The death of Bob Crow, General Secretary of the RMT transport workers union, received a surprising amount of media attention. These days, trade union leaders rarely appear in newspapers or on television. When they do it is mostly as villains of the piece – members of the ‘awkward squad’ and so on. But after his death Crow was at least grudgingly recognised as a significant figure. Partly this had to do with his personality. He was tough, blunt and unapologetically working class in a period when political culture is dominated by middle class blandness. Quite simply, he stood out.
Yet beyond his qualifications as a celebrity something much more important was at stake it seems to me. Above all Crow was a fighter, a union leader who was not afraid to rally his members and go head to head with the management of corporations on the membership’s behalf. He represented workers, but he also inspired them with the idea of their own power. If they stuck together and struggled on a collective basis then wages and conditions could be improved.
Whatever one thinks of this approach in political terms, it could be highly effective as Crow often pointed out himself. The recent tube strike in London is a case in point. Before the two day stoppage in February, Transport for London had refused to negotiate over the closure of ticket offices. After the strike negotiations began almost immediately.
Significantly, Crow the bluff trade union battler always saw unionism as part of a larger struggle for social justice. He never failed to link demands for ‘his’ workers with the campaign for socialism and a fairer world for all. Again, his willingness to talk about these issues marked him out. Crow took an ethical stand in a political world which according to some social scientists has been ‘hollowed out’ over the last thirty years as mainstream politicians have abandoned principles, and try instead to follow the vagaries of public opinion generated through polls or focus groups. It was rarely reported on, but Crow took a leading role in setting up an electoral alternative to the mainstream parties, the Trade Union and Socialist Coalition.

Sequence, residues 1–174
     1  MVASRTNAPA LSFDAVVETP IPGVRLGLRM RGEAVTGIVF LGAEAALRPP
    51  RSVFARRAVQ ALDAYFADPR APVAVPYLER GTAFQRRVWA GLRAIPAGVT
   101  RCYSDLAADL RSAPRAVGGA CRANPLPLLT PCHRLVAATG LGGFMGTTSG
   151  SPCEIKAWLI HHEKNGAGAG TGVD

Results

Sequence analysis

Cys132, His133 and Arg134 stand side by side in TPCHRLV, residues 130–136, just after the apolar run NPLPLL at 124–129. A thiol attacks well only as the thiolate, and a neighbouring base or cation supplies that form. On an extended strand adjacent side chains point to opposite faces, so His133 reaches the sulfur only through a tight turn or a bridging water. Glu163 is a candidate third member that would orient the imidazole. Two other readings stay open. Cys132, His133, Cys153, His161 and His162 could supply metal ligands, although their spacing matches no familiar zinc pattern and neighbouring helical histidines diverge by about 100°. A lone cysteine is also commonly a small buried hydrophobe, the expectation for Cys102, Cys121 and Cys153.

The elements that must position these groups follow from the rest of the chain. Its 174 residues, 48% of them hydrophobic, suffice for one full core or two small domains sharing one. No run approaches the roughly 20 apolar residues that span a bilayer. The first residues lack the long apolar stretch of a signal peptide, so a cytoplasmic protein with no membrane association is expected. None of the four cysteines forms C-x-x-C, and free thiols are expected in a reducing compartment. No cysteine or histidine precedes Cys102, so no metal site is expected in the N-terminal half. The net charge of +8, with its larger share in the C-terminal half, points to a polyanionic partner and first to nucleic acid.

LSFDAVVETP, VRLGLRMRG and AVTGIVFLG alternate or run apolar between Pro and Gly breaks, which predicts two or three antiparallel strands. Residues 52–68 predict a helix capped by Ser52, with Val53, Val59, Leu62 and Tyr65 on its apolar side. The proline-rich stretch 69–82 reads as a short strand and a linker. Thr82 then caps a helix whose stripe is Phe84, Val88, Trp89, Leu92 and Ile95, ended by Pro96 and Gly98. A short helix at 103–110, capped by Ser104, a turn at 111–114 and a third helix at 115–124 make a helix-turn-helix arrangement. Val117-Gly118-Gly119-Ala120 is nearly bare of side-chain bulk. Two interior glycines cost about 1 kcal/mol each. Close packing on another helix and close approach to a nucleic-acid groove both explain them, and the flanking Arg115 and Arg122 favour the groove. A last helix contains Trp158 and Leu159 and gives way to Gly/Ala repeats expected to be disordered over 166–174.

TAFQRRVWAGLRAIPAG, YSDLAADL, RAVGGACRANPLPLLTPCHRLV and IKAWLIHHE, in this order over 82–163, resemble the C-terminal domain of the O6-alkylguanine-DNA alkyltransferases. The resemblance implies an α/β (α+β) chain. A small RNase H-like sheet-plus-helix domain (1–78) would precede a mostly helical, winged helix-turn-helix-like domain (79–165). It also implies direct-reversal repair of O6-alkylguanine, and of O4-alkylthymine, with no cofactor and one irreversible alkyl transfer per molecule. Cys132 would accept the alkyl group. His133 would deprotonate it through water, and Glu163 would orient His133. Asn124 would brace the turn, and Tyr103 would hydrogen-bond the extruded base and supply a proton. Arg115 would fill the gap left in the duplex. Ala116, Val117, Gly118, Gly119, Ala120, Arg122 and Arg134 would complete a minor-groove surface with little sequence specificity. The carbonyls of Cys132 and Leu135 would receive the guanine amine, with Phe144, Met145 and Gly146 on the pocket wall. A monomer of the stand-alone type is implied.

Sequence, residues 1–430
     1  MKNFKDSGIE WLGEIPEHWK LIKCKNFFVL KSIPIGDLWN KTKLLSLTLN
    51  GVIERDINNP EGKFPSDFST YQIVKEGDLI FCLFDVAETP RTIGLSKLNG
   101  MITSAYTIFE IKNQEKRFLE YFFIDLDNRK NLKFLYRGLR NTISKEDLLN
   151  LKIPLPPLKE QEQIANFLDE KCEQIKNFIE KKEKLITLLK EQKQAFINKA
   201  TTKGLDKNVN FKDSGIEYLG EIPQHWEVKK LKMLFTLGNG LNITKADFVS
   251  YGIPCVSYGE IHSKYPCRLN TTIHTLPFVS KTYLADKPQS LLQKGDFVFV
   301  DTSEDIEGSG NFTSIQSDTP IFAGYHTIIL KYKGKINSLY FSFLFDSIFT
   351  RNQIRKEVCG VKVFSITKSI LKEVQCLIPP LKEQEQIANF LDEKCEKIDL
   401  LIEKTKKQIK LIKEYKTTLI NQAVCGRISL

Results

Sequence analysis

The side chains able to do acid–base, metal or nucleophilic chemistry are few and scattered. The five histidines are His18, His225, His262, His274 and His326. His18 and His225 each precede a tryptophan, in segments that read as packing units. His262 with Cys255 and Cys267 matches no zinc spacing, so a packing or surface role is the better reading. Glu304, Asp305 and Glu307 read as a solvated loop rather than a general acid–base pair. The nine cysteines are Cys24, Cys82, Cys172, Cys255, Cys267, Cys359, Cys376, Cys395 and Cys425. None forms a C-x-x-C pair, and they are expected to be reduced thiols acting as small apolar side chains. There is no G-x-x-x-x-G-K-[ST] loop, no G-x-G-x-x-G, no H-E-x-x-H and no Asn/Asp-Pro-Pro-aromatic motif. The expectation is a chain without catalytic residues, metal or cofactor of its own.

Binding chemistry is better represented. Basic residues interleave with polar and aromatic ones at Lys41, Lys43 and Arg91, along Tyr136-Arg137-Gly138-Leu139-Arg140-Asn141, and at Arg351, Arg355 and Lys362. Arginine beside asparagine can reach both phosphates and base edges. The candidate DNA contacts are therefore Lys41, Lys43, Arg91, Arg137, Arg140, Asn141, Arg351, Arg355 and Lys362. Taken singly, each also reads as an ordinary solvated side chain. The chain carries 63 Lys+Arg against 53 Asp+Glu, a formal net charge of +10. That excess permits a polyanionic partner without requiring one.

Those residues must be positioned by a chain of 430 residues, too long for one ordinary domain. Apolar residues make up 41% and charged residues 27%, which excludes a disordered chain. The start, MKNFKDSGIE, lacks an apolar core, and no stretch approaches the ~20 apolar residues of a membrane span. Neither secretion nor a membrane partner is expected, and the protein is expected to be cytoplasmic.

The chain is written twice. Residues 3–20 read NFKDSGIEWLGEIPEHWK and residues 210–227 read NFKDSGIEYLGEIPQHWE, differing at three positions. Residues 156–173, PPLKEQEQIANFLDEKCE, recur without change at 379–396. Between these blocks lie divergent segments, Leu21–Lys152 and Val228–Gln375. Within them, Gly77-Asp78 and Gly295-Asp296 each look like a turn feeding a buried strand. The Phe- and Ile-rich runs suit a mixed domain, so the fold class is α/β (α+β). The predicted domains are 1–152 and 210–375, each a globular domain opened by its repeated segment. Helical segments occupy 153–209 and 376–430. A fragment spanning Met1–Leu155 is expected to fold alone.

Last year I worked with Kath Woodward and Geoff Andrews from the Faculty of Social Sciences on the BBC/OU two part series, ‘Paul O’Grady’s Working Britain’, which focused on the life and times of the working class. We suggested Bob Crow might be an important figure to feature. In the event he did not make appearance, but the BBC did film an interview with him for the OU.
I want to take this opportunity to remember Bob Crow the man, but also his views on class, unions, history and most of all why the world needs to be made a much fairer place. His death is certainly a great loss to trade unionism and the cause of social justice. But Crow placed his faith in ordinary working people themselves. Crow was really a mirror reflecting the power of collective action back to the people who hold it. I certainly hope he’s remembered that way.